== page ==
We use characteristic properties to identify substances or the group to which the pure substance belongs. Characteristic properties never change and are unique to the substance in question. Some might be physical properties, which do not change the nature of the substance while others might be chemical characteristic properties, which might change the nature of the substance. Examples: Density, Boiling Point, Melting Point, Freezing point, Electric conductivity, Reaction to litmus paper (pH levels), Solubility... Non-characteristic properties to do not help us identify specific substances and can vary from one substance to another. Examples: Mass, Shape, Volume, Color, Amount...
Water always boils at 100ºC. That cannot be changed. Therefore Boiling Point of water is a Characteristic Property. To test the Boiling Point of water, we must heat it up. This identification process does not change the water. Therefore Boiling Point is a Characteristic Physical property.
Characteristic Properties Non-Characteristic Properties * Density (Physical property) - Mass * Boiling Point (Physical property) - Shape * Melting Point (Physical property) - Volume * Freezing Point (Physical property) - Color * Electric conductivity (Physical property) - Amount * Reaction to litmus paper (Chemical property)
Matter can be changed in one of two ways:
Physical changes: Changes that alter the appearance of a substance but not its chemical properties.
Deformation: Changes in the appearance of a substance.
Dissolution: Combining a solute into a solvent.
Phase change: Changes from one phase to another. There are 6 types of phase changes.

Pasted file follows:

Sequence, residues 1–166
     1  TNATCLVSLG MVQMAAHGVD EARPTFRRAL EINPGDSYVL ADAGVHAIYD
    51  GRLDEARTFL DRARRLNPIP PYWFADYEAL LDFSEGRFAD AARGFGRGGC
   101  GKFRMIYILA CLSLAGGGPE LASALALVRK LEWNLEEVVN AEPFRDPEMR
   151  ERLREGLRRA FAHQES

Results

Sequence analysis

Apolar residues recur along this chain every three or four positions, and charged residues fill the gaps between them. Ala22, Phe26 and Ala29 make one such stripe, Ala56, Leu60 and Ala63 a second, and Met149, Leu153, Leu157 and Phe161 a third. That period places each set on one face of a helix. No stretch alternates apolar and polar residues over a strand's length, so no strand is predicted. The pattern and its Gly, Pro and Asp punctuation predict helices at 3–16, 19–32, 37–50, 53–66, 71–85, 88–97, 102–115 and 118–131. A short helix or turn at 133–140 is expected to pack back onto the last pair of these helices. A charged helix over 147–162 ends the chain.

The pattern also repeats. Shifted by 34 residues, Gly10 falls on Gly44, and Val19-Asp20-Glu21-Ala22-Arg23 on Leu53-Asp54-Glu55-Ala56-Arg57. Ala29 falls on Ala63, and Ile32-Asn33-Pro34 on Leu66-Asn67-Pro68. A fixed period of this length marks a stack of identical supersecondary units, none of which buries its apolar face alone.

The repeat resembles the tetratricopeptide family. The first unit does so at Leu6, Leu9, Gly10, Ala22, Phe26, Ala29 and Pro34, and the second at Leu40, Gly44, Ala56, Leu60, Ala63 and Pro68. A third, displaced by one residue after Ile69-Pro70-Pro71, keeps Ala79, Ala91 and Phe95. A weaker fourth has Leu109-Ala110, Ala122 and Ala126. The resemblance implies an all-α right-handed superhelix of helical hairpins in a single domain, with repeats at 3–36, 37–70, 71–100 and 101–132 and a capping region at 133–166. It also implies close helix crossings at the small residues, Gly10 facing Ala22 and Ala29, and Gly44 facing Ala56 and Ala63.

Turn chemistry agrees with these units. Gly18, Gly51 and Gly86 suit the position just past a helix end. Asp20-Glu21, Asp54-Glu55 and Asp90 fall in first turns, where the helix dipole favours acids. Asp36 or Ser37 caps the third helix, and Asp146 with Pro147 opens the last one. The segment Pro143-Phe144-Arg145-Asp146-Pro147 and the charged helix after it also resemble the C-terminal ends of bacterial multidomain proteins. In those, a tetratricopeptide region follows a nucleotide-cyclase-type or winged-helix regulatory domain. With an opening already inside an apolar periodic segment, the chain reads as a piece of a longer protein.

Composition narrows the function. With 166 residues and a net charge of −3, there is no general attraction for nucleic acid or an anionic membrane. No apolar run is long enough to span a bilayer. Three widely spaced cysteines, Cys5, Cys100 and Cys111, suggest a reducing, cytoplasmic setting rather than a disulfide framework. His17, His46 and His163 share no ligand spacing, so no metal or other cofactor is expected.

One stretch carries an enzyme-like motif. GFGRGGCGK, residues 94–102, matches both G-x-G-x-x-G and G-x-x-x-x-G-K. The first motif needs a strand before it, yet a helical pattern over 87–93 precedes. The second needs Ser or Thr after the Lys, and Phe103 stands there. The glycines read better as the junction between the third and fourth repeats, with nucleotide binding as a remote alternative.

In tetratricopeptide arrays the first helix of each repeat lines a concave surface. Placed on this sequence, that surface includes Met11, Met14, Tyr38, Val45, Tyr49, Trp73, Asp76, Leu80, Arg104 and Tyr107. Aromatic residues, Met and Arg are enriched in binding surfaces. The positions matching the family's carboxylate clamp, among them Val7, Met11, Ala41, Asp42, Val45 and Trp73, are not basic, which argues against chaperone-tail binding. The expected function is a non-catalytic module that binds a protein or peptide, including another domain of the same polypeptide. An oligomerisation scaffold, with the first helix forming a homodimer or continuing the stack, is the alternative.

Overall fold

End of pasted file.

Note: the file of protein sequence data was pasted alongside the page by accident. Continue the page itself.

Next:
Chemical changes: Changes that can alter a substance chemically therefore rendering it a different substance.
Oxidation: A chemical reaction that involves Oxygen.
Decomposition: A transformation from complex molecules to simpler molecules.
Synthesis: A transformation from simple molecules to more complex molecules.
Precipitation: The formation of a precipitate in a solution.
Physical Changes Chemical Changes
1) Deformation 1. Oxidation
2) Dissolution 2. Decomposition
3) Phase changes: 3. Synthesis a) Solidification: From Liquid phase to Solid phase 4. Precipitate b) Fusion: From Solid phase to Liquid phase c) Condensation: From Gas phase to Liquid phase d) Evaporation: From Liquid phase to Gas phase e) Deposition: From Gas phase to Solid phase f) Sublimation: From Solid phase to Gas phase
Example: Freezing water will change its phase from liquid to solid. The particles will slide over each other until the temperature gets cold enough so that they slow down. As ice forms, each particle will keep its spot and strongly bond with neighboring particles as in solids. Ice is considered a solid. Ice and water have different densities; however, the particles in the ice have not changed chemically. Therefore solidification is a physical change.
There are four clues to help us identify whether a change occurred to a substance is chemical. Those are:
a) Release of gas. (Ex: bubbles forming)
b) Release of heat or light (Ex: explosion)
c) Creation of a precipitate (Ex: Residue being formed, digestion, exhaust)
d) A color change (Ex: Rust)
Science Review Notes
September 2012 – January 2013
Matter Sept 6 2012 There are three phases of matter: 1) Solid (uniformly bonded together) 2) Liquid (loosely bonded together) 3) Gas (not bonded together)
Periodic Table of Elements
A table that organizes pure elements (atoms that have the same amount of protons) according to their atomic mass (weight).
A pure element is matter that is made of one type of atoms found in the Periodic Table of Elements ex: hydrogen (H), gold (Au).
A molecule is matter that is made up of 2 or more types of atoms found in the Periodic Table of Elements ex: NaCl (salt), O3 (ozone), H2O (water). Atoms
Atoms consist of 3 particles: 1) Neutrons (particle that is neutral) 2) Protons (particle that is positively charged) 3) Electrons (particle that is negatively charged)
Mass Sept 7 2012
Mass: the total weight of an object on earth.
Units of measurements: mg–milligram=1/1000th of a gram G – gram = 1000mg Kg – kilogram = 1000g T – Ton = 1000kg